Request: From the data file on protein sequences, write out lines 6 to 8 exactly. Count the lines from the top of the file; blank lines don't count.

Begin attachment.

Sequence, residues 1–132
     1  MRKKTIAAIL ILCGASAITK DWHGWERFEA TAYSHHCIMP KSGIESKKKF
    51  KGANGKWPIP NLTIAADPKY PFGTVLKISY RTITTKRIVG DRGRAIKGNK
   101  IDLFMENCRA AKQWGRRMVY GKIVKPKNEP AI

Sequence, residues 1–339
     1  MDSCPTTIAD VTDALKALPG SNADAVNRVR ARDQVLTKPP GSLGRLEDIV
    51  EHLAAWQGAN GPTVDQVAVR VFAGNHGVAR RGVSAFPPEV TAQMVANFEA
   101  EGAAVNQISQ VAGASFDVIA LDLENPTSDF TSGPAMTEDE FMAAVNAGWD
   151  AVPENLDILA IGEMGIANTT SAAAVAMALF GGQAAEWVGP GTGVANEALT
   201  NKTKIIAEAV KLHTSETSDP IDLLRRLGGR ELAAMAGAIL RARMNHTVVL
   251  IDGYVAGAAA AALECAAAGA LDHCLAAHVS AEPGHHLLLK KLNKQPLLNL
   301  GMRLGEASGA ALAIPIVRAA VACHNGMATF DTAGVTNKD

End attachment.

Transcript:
     1  MDSCPTTIAD VTDALKALPG SNADAVNRVR ARDQVLTKPP GSLGRLEDIV
    51  EHLAAWQGAN GPTVDQVAVR VFAGNHGVAR RGVSAFPPEV TAQMVANFEA
   101  EGAAVNQISQ VAGASFDVIA LDLENPTSDF TSGPAMTEDE FMAAVNAGWD